Robert Cray has been around the block a few times. He’s been recording, and touring, and playing live shows as a Blues/Soul stalwart for nearing 40 years now – back to when his first album, Who’s Been Talkin’, came out on Tomato Records in 1980. I’m sure he’s played some crazy gigs. Yet, I’d still wager he’s never played a wilder one than an occasion just before then in 1978 in Eugene, Oregon, when he was a part of the scene that spawned a million toga parties: As a member of Otis Day & The Knights in “Animal House” playing the song ‘Shout.’ Cray, still an unknown at the time and in search of a record deal for his fledgling Robert Cray Band, had a fortuitous encounter which allowed him to become a part of Delta House history, performing in front of John Belushi and a room full of carousers wrapped in bedsheets. “My band and I were living in Eugene at that time, and some lady came up and asked me if I wanted to be in a film,” said Cray. “I sarcastically said, ‘Yeah, right.’ But, sure enough, she called back a few months later to ask if I could make rehearsals. They needed black guys to play the members of Otis Day’s band, the Knights. We got fitted for outfits, and we were on the set for three days. It’s obviously a classic now, but back when the movie was shot, nobody had any idea it was going to be so big. That’s me on bass, although I’m not really playing.”
Cray may not have really been playing bass in the scene – who could’ve blamed him anyway if he’d been thrown off by Boon shouting “Hey Otis!” or when Bluto screamed “Gator!” and dropped to wriggle on the floor – but since then Cray’s definitely been playing some serious guitar: He’s made an incredible 23 albums, won 5 Grammy awards, and played with everyone from Albert Collins and Johnny Copeland, on the trailblazing 1985 Blues album Showdown!, to Keith Richards and Chuck Berry, in Berry’s 1987 concert film “Hail! Hail! Rock ‘N’ Roll.” Sadly, he had also just jammed with Eric Clapton, Buddy Guy, Jimmie Vaughan and Stevie Ray Vaughan at the Alpine Valley Music Theater in East Troy, Wisconsin in the summer of 1990, on the night that Stevie Ray’s helicopter crashed after leaving the show. Though Cray’s been a mainstay on the blues guitar circuit for decades, and remains remarkably prolific into his mid-60’s (he’s put out 5 high-quality albums this decade alone), his cross-over opportunities were brief, and most likely highlighted by the featured song chosen here, ‘Smoking Gun.’ This gradually intensifying tune is off of his 5th studio album, 1986’s Strong Persuader, which received rave reviews from contemporary critics at the time. Rolling Stone cited “Cray’s intriguing stories and disciplined singing, delivering a version of blues and soul that doesn’t come from any one region,” while the Village Voice praised the “Sophisticated blues aesthetic,” and named it “The best blues record in many, many years, so fervently crafted that it may even get what it deserves and become the first album to break the genre’s sales ghetto since B.B. King was a hot item.” Though it sold over two million copies, and was ranked #42 on Rolling Stone’s list of the 100 greatest albums of the ‘80’s, mainstream success still did not exactly occur. Nevertheless, I think two important points remain true: First, ‘Smoking Gun’ is a great song, Strong Persuader was a great album, and Robert Cray has probably been the most consistently solid producer of old-style blues and soul music of his generation. And second, every time you’re dancing to the obligatory finale at a wedding – crouching down for ‘a little bit softer now,’ rising back up for ‘a little bit louder now,’ and feeling in touch with the debauchery of your Animal House youth as you throw your arms up in the air to answer the bandleader’s prompts of “You know you make me wanna…” with “SHOUT!!” – remember that Robert Cray deserves at least a little bit of the credit for your fun.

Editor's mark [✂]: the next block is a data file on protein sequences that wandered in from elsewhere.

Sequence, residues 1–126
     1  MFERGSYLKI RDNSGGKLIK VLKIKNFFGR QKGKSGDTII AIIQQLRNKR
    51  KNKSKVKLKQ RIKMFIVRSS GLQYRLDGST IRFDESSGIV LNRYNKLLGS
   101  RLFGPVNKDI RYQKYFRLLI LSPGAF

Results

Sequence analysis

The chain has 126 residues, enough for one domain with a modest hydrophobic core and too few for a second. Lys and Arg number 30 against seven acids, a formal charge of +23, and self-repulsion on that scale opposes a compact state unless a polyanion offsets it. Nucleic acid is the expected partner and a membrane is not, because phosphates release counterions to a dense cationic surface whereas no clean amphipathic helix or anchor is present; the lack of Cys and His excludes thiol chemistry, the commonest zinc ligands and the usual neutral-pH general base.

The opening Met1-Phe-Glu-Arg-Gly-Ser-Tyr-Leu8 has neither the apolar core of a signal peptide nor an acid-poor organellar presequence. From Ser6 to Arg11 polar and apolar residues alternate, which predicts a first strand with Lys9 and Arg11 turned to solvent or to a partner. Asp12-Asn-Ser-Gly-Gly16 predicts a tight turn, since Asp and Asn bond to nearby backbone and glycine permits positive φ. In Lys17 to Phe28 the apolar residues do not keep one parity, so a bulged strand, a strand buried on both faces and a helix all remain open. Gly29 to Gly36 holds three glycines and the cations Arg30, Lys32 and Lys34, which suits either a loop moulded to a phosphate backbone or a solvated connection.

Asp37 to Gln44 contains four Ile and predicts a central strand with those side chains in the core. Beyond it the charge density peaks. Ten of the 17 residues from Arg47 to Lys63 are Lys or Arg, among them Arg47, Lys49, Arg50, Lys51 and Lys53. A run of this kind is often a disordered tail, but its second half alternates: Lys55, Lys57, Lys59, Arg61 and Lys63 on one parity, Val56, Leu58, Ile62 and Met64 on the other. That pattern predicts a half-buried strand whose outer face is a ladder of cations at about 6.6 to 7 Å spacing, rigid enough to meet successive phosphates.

Toga! (Cray on bass, in the middle of the Knights lineup behind Otis, between guitar and sax)